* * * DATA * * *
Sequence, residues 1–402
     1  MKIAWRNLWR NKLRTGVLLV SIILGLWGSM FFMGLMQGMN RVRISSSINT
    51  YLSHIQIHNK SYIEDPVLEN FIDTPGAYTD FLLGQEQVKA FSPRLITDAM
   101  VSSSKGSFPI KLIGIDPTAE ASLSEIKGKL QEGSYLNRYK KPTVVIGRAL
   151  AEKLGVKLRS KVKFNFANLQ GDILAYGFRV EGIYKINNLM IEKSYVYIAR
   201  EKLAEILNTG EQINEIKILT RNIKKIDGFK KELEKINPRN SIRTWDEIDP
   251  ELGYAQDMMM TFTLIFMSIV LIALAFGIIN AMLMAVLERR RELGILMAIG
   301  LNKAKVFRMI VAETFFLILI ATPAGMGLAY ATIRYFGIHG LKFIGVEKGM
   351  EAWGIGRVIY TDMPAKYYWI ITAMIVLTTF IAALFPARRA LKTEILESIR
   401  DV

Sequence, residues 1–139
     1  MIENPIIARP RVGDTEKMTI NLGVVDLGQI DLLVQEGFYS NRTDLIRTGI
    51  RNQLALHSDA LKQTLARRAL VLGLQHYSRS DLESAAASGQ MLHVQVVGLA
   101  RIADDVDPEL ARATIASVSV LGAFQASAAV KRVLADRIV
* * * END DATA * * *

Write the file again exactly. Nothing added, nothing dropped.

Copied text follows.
Sequence, residues 1–402
     1  MKIAWRNLWR NKLRTGVLLV SIILGLWGSM FFMGLMQGMN RVRISSSINT
    51  YLSHIQIHNK SYIEDPVLEN FIDTPGAYTD FLLGQEQVKA FSPRLITDAM
   101  VSSSKGSFPI KLIGIDPTAE ASLSEIKGKL QEGSYLNRYK KPTVVIGRAL
   151  AEKLGVKLRS KVKFNFANLQ GDILAYGFRV EGIYKINNLM IEKSYVYIAR
   201  EKLAEILNTG EQINEIKILT RNIKKIDGFK KELEKINPRN SIRTWDEIDP
   251  ELGYAQDMMM TFTLIFMSIV LIALAFGIIN AMLMAVLERR RELGILMAIG
   301  LNKAKVFRMI VAETFFLILI ATPAGMGLAY ATIRYFGIHG LKFIGVEKGM
   351  EAWGIGRVIY TDMPAKYYWI ITAMIVLTTF IAALFPARRA LKTEILESIR
   401  DV

Sequence, residues 1–139
     1  MIENPIIARP RVGDTEKMTI NLGVVDLGQI DLLVQEGFYS NRTDLIRTGI
    51  RNQLALHSDA LKQTLARRAL VLGLQHYSRS DLESAAASGQ MLHVQVVGLA
   101  RIADDVDPEL ARATIASVSV LGAFQASAAV KRVLADRIV